Defendants filed a motion to strike and dismiss plaintiff's first amended complaint on April 24, 2000. Defendants requested that the circuit court strike plaintiff's first amended complaint because plaintiff failed to ask for leave of court to file it. Additionally, defendants requested that the circuit court dismiss plaintiff's first amended complaint because the attorney's affidavit and written report did not satisfy the requirements of section 2-622(a)(1) of the Code. Defendants again complained that neither the attorney's affidavit nor the physician's medical report showed that the physician was qualified to render opinions regarding Smith's actions.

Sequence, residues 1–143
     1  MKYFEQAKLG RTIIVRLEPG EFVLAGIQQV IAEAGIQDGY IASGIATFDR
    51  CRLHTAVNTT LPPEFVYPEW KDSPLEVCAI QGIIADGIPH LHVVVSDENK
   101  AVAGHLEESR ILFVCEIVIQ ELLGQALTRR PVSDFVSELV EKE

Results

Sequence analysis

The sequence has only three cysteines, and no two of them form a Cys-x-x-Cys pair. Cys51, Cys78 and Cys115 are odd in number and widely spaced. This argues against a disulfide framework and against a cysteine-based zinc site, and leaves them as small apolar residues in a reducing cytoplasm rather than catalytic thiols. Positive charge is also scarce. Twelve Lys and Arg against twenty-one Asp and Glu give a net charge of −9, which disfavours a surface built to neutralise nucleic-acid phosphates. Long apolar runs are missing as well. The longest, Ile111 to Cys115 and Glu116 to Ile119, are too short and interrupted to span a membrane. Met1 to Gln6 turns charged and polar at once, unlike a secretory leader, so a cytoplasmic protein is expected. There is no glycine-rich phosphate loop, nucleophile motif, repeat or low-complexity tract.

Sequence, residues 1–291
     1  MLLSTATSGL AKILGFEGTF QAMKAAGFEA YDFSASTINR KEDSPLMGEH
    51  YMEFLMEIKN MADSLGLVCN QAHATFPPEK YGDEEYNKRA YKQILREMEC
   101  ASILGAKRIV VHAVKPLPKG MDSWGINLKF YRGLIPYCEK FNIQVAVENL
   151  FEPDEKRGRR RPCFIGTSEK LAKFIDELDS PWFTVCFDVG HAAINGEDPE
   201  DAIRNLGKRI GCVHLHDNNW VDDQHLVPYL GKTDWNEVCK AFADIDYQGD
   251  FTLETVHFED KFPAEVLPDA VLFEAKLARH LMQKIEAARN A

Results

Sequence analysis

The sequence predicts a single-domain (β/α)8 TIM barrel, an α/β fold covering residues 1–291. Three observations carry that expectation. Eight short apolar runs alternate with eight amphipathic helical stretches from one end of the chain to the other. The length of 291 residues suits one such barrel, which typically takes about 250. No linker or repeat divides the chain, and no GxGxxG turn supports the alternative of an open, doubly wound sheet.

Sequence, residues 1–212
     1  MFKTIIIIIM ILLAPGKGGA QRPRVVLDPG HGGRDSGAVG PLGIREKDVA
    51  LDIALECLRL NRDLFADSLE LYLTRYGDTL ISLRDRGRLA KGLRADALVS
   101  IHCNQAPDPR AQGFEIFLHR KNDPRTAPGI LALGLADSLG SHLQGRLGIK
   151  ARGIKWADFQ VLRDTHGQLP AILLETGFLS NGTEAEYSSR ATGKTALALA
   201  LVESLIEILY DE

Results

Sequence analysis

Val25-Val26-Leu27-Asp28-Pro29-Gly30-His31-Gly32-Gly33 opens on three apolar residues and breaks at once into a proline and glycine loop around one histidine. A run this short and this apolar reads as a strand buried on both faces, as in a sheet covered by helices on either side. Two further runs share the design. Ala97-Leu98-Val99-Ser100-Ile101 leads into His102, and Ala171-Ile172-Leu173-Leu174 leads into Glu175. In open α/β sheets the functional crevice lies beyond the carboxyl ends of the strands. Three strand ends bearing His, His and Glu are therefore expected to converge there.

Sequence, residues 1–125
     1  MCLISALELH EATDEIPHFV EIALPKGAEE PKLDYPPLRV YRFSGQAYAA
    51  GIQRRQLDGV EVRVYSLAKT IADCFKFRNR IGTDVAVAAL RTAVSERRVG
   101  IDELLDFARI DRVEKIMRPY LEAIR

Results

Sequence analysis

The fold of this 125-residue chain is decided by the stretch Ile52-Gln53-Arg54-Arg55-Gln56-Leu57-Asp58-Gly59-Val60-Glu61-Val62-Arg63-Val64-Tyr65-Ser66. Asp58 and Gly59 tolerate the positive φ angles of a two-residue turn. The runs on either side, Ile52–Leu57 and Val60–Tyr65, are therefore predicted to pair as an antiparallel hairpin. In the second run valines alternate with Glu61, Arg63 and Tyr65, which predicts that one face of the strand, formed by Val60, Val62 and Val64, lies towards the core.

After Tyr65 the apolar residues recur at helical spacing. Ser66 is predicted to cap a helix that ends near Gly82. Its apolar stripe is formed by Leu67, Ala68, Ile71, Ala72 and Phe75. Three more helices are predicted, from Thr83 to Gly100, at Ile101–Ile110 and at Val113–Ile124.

On May 23, 2000, the circuit court entered an order denying defendants' motion to strike. The court granted defendants' motion to dismiss plaintiff's first amended complaint with prejudice. The court held, "The medical report and attorney affidavit filed pursuant to section 2-622 is insufficient in that the medical report fails to set forth the qualifications of the affiant as required and enumerated within section 2-622." The court also stated that pursuant to section 2-622(a)(1) and two Illinois Supreme Court cases (Dolan v. Galluzzo, 77 Ill. 2d 279, 396 N.E.2d 13 (1979); Jones v. Young, 154 Ill. 2d 39, 607 N.E.2d 224 (1992)), the physician who prepared the medical report was not qualified to testify, provide opinions, or prepare a medical report regarding whether a meritorious cause of action existed against a nurse for any alleged negligence in performing nursing procedures. The court also stated, "[Plaintiff] has had sufficient time within which to file an appropriate attorney affidavit and medical report under [section 2- 622 of the Code] and has failed to do so." Plaintiff filed a motion to reconsider on June 19, 2000. The circuit court entered an order on June 20, 2000, denying plaintiff's motion to reconsider. Plaintiff filed a timely notice of appeal.